Two Inborn Errors of Bile Acid Biosynthesis: The Need for Recognition and Treatment by Primary Bile Acid Replacement

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Elsewhere in this issue, Jahnel et al (1) report the results of a web-based survey of academic pediatric departments asking whether 2 inborn errors of bile acid synthesis had been recognized. The survey also asked how infants with these enzyme deficiencies were treated. The 2 enzyme defects were the second and third steps in bile acid formation from cholesterol in the major pathway for bile acid synthesis.
The majority of pediatric centers responded to the questionnaire, and of those responding, about half had never made such a diagnosis in their practice. In most infants who were identified as having either of the enzymatic defects, treatment was the oral administration of primary bile acids—cholic acid or chenodeoxycholic acid. The survey established the extreme rarity of these 2 defects in Europe. The first defect, absence of the dehydrogenase/isomerase enzyme, was 8 times more prevalent than the second defect, absence of the reductase.
Bile acid synthesis is complex and is synonymous with cholesterol degradation. Cholesterol is insoluble, and rests comfortably in cell membranes between phospholipid molecules where it increases membrane stability. Bile acids, in contrast, are highly water-soluble and solubilize cell membranes in the form of mixed micelles in intestinal content (2). Thus, cholesterol and bile acids are diametrically opposed in their functions.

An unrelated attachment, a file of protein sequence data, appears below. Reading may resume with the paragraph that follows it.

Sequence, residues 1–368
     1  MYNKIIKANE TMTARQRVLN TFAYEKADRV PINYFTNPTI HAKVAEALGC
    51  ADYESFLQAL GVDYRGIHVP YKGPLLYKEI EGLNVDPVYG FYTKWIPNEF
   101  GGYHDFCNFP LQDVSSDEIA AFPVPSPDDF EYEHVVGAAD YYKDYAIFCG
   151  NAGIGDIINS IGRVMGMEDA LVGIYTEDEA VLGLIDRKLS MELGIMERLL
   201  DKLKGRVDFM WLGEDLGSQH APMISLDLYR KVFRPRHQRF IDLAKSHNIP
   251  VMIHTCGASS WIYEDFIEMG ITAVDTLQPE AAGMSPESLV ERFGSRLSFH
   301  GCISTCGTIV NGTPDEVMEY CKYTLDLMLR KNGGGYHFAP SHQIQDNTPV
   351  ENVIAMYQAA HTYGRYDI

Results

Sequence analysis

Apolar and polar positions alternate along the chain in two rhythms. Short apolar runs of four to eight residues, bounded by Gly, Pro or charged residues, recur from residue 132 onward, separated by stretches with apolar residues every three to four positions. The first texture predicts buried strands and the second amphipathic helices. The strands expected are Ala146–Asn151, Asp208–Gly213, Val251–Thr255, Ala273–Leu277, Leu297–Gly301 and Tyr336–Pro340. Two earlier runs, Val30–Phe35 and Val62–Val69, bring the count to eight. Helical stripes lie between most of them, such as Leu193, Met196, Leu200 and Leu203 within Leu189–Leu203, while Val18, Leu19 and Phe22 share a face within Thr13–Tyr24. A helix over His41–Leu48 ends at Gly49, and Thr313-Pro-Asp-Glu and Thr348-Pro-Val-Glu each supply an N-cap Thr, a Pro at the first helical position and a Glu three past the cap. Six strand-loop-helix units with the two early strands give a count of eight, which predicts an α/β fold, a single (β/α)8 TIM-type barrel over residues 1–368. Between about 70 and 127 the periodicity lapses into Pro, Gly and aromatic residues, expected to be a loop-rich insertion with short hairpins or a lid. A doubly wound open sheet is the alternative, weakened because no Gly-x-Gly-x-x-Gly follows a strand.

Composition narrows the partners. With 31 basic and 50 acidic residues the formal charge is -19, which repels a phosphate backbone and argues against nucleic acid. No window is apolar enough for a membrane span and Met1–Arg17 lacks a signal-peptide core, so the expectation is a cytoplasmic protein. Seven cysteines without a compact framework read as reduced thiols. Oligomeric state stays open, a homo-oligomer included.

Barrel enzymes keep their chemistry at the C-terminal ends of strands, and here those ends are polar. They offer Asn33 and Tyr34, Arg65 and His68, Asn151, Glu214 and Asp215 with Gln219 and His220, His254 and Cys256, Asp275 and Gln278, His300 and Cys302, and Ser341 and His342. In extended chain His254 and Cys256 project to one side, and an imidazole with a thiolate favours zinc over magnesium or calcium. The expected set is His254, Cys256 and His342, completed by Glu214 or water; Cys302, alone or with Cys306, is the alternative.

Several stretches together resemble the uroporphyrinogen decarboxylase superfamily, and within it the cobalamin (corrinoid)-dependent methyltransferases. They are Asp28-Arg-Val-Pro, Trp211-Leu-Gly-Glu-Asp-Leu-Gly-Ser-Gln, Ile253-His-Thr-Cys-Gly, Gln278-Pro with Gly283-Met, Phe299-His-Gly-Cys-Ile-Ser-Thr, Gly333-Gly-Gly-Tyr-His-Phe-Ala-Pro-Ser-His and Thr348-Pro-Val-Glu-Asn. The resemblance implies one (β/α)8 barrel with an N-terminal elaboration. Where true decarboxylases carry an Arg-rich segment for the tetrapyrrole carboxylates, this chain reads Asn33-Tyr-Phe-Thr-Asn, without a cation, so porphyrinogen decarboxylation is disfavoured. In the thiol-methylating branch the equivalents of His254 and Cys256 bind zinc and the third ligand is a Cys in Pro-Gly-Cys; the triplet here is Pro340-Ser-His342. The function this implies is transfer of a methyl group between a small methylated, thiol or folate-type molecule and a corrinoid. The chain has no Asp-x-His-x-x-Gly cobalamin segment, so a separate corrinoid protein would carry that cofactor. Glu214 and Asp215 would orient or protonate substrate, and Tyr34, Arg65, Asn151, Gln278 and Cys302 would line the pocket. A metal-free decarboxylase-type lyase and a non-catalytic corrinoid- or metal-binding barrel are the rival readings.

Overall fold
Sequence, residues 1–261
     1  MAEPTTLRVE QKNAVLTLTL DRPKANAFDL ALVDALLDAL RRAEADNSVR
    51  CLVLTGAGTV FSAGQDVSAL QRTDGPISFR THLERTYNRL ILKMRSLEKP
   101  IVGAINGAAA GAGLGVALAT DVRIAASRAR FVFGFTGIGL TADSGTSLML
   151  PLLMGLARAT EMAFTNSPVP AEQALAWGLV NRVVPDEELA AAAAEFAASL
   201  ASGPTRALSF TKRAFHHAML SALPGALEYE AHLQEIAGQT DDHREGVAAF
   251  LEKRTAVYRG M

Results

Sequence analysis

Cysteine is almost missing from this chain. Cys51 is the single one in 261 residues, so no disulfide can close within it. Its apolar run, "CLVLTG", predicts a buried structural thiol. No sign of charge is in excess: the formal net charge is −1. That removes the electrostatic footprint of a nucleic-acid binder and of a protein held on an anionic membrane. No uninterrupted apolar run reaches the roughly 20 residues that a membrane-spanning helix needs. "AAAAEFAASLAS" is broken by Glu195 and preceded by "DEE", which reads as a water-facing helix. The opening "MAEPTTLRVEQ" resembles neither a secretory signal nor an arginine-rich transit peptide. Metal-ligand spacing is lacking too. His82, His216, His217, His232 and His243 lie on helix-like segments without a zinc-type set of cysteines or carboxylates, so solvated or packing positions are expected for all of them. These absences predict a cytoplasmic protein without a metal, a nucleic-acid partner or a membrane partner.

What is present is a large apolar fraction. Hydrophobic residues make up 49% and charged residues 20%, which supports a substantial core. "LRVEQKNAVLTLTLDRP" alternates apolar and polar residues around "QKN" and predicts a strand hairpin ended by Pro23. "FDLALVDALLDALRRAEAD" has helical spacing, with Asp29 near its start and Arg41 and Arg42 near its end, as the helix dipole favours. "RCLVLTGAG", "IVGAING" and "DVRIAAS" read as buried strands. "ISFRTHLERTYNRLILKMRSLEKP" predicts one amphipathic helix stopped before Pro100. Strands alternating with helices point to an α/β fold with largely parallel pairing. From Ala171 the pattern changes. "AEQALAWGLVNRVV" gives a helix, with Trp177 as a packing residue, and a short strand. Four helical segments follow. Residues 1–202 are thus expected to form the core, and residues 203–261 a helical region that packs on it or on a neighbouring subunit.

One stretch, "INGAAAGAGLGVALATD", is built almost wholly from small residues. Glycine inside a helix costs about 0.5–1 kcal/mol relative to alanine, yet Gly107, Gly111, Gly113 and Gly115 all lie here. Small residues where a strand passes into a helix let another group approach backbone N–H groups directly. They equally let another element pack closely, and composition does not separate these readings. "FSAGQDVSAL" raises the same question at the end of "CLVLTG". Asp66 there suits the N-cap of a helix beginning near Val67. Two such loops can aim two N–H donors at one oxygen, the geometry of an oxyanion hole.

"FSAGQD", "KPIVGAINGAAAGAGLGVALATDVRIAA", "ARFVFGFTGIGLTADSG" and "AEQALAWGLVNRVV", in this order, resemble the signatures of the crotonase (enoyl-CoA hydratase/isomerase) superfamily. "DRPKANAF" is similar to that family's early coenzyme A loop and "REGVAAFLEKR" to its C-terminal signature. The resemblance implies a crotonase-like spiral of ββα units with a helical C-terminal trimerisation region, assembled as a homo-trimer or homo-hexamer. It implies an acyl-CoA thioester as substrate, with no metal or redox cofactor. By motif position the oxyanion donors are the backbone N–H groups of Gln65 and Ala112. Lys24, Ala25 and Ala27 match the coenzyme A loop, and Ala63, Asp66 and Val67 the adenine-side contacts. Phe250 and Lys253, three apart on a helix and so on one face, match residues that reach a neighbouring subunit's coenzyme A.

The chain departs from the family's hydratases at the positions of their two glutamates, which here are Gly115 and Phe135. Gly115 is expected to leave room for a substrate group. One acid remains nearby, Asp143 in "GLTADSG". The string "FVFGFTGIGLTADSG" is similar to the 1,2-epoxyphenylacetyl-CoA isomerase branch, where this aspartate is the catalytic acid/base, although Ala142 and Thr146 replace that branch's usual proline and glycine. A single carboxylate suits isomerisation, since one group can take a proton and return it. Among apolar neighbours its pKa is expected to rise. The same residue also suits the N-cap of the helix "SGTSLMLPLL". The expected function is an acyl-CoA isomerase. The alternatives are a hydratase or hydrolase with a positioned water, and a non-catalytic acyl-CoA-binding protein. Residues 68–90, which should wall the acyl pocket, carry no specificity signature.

Multiple enzymatic steps are involved in the complex pathway by which the cholesterol molecule is converted to a bile acid molecule in the human hepatocyte (3). The steroid nucleus must be altered from the Δ5 structure of cholesterol to that of a fully saturated product. The isooctane side chain of cholesterol must be converted to the isopentanoic acid side chain of C24 bile acids. In the major pathway of bile acid biosynthesis (called the “neutral” pathway), changes to the nucleus are completed before changes to the side chain occur. In the minor pathway, termed the “acidic” pathway, bile acid synthesis begins with side chain oxidation. The defects described by Jahnel et al are in the major (“neutral”) pathway. Excellent reviews of bile acid synthesis and its defects are available (4,5).
The initial and rate-limiting step in the biosynthesis of bile acids from cholesterol is hydroxylation at C-7 (the 7th carbon atom in the steroid nucleus) by cholesterol 7α-hydroxylase (CYP7A1), a microsomal enzyme. The phenotype of cholesterol 7α-hydroxylase deficiency in man is astonishingly unremarkable, possibly because of the nontoxicity of cholesterol as well as the compensatory increase in bile acid formation via the acidic pathway (6). In contrast, the enzyme defects queried by Jahnel et al are fatal, unless treated by bile acid replacement.
The first concern of Jahnel et al was a deficiency in 3β-dehydrogenase/isomerase, the second step in bile acid biosynthesis. This enzyme (HSD3B7) catalyzes the simultaneous oxidation of the 3β-hydroxy group to a 3-oxo group and shifting of the Δ5 double bond to a Δ4 position. This intermediate is also termed C4, and its serum concentration correlates greatly with the rate of bile acid biosynthesis for unknown reasons (7,8). When a deficiency of the dehydrogenase/isomerase occurs, side chain oxidation nonetheless proceeds normally in the peroxisomes, resulting in the formation of C24 bile acids whose steroid nucleus is identical to that of cholesterol. Such compounds may undergo hydroxylation at C-12. These monohydroxy- or dihydroxy acidic intermediates in bile acid synthesis may be sulfated and/or conjugated with glycine or taurine, giving rise to a group of C24 cholenoic acids whose concentrations in urine can be quantified by tandem mass spectrometry (9).
Presumably, these cholenoic acids are poor substrates for the canalicular bile salt export pump, and accumulate in the hepatocyte.
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